by Adegbenga Adeyemi
Let me tell you a story of failure. Why failure? It is a far better teacher than success. How? When you fail, you strive to succeed but when you succeed, you get cocky and when you get too cocky, you fail.
I used to top class in Primary and straight through Secondary (not a mean feat because Mayflower School is not an anyhow school). I suddenly began to notice that somehow I never met up to the standard. My WAEC had just one subject short of maximum requirement (I had 5 credits alright) and my second JAMB score was 200 which I used to gain admission into a Federal University in the South West.
Now, throughout all that, only one thing managed to capture my attention and hold it for longer than required – information technology. I actually built my first website in SS3. So I was drawn to computers, gadgets, codes and hacking. The bad news? I was not interested in doing a BSc in Computer Science (the lecturers are dumb) and my parents are not willing to pay hundreds of thousand to NIIT or KarRox even though I scaled their scholarship exams multiple times.
So what did I do? I borrowed systems from the rich kids who use it to watch films. Did countless overnight browsing. Meanwhile Physics Electronics was suffering. So I opted to switch departments in the school and university bureacracy and politics messed it up and I ended up getting a choice to leave or return to year 3. I opted to leave.
I got another admission to study a ‘professional course’ – Architecture. It was after the first semester that I realized that it was way different than my secondary school technical drawing so I struggled to finish it. Did I forget to mention that this was in a federal polytechnic after OAU managed to omit my name from the admission list even though I made the required cut-off mark for the same course.
Throughout, one thing remained consistent – my love for IT and I remember hacking the entire records database of the university to revenge (they wouldn’t admit it of course, and I sure as hell wasn’t caught). I built websites, applications, partnered with a few people and started a few outfits. One laughable incident was a scenario where a ‘Yahoo’ boy approached me and asked us to partner saying he will make my life better if I help him to transfer funds from US accounts to him. I must confess, I was tempted. I told him though that I practise IT for the fun and love of it, not for the financial gains.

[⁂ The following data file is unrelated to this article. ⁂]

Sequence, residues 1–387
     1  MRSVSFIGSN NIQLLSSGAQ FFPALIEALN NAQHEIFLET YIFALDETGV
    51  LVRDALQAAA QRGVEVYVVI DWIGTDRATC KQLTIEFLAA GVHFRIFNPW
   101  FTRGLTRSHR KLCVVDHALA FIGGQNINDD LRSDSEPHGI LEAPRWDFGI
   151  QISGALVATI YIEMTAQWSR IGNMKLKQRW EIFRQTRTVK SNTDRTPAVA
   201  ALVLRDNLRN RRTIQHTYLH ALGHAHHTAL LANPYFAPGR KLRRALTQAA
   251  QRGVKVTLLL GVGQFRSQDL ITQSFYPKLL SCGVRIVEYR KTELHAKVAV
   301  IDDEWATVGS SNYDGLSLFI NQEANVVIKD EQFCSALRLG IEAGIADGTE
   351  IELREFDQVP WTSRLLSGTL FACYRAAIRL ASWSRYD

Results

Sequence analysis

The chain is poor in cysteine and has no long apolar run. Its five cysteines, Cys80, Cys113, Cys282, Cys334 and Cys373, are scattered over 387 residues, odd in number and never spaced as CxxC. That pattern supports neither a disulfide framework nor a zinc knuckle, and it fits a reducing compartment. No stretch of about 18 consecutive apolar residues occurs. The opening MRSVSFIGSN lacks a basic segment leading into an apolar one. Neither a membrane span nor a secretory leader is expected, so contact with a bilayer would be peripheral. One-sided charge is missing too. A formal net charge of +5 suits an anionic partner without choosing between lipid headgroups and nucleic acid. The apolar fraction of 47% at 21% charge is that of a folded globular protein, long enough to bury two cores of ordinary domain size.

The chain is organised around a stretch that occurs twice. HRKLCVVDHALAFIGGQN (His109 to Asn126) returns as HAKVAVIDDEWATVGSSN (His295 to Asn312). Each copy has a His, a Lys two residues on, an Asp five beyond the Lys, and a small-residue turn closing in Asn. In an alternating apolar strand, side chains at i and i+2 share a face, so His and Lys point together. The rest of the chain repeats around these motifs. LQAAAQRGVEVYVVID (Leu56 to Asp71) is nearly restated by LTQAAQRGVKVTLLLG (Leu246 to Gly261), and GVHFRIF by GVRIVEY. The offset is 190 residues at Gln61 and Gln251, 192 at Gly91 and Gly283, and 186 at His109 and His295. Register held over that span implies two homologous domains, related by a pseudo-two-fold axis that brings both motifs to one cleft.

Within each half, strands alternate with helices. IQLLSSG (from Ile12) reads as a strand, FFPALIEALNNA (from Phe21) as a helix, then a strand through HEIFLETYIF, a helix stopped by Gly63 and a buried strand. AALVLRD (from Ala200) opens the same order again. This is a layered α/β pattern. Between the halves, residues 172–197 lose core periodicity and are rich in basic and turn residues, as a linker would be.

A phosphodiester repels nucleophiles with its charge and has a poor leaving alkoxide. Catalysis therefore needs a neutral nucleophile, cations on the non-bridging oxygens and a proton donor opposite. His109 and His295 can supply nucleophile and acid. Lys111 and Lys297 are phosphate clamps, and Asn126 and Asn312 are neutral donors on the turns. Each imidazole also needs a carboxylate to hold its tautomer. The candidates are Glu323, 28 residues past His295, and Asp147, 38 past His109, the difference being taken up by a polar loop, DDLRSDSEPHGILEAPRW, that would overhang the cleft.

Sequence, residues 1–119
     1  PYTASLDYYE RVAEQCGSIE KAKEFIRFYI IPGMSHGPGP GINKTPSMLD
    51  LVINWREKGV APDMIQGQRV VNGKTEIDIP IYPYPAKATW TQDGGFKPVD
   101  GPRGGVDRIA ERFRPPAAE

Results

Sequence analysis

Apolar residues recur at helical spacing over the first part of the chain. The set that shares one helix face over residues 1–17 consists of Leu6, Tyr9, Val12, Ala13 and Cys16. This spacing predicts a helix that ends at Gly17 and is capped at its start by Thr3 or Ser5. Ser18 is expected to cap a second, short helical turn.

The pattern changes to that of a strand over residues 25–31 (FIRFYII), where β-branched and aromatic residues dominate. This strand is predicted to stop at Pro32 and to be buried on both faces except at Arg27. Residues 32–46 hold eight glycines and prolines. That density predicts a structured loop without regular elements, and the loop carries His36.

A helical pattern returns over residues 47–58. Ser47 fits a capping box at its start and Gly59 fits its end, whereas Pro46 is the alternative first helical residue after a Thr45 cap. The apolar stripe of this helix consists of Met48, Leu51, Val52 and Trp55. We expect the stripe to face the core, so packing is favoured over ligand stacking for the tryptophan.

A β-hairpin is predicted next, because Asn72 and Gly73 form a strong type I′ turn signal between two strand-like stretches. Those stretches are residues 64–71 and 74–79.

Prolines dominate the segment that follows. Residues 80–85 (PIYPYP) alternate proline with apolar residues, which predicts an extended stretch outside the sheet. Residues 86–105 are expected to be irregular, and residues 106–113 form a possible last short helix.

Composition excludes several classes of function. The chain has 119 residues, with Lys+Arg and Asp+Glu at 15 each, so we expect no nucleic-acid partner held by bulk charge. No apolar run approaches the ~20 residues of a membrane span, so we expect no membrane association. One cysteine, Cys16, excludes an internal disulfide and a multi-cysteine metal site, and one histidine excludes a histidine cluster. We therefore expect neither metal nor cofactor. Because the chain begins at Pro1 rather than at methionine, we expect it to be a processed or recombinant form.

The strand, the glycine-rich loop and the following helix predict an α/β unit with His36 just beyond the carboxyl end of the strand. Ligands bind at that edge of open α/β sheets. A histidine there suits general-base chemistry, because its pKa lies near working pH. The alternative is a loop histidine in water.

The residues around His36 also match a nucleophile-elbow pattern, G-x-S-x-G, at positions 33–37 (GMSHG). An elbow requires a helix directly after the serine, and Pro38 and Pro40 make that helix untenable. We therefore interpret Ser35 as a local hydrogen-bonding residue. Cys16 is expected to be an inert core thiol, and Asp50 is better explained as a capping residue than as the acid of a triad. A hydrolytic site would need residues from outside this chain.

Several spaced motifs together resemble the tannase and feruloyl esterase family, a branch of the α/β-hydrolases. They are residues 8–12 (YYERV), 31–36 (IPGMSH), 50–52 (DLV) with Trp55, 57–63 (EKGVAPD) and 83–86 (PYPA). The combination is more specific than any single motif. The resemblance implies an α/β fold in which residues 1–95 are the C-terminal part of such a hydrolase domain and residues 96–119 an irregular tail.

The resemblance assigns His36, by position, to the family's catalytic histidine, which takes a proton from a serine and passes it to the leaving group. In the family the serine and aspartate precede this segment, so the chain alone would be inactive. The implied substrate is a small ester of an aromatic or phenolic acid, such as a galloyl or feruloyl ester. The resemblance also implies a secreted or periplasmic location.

Down the line, it has been over 10 years since I wrote my first line of code and in that time, I have lost a few admissions (after gaining them), lots of opportunities to make more money, even more relationships (the girls like geeks but they don’t love them) than I can remember and so much more.
Here I am, almost 30 and my younger brother is through with his Masters degree and I am just in my 1st year. I have surely learnt a lot of ways of how not to do almost anything. People say I have lots of experience, I never tell them what it has cost me to get that experience. Now, some people say I have a life most people wish they have and I just smile. With 5 viable startups, I can understand why they think so. If I dare to ask if they can go through what I have outlined above, I am sure most of them will decline. I am not at the top yet but I will definitely get there.
I can say that I am a success because things are on the upward move but I have learnt more by failing more times than I can count and I can say that has made me a better person than I would have been if I have had a smooth sailing all my life. Failure is not a bad thing, staying there is what makes it bad.
Now, I sometimes resist taking responsibility for certain things because I am afriad to fail and disappoint a lot of people again but then, I realize that I have failed so many times so I just say fuck it, I’m doing this.
I recommend you listen to this song – Each Tear by Brandy. It should give you perspective.
Adegbenga Adeyemi is absolutely my pseudonym because I am quite known online and beyond and I wouldn’t want to lose clients either so let’s just say I hope someone has learnt from reading this and tell someone who is failing not to lose hope. Oh, I am an IT Professional with over 10 years experience ranging from state government portals to enterprise applications. Just incase, my twitter handle is @gb2adeyemi
30 Days 30 Voices series is an opportunity for young Nigerians from across the world to share their stories and experiences – creating a meeting point where our common humanity is explored.
Op-ed pieces and contributions are the opinions of the writers only and do not represent the opinions of Y!/YNaija.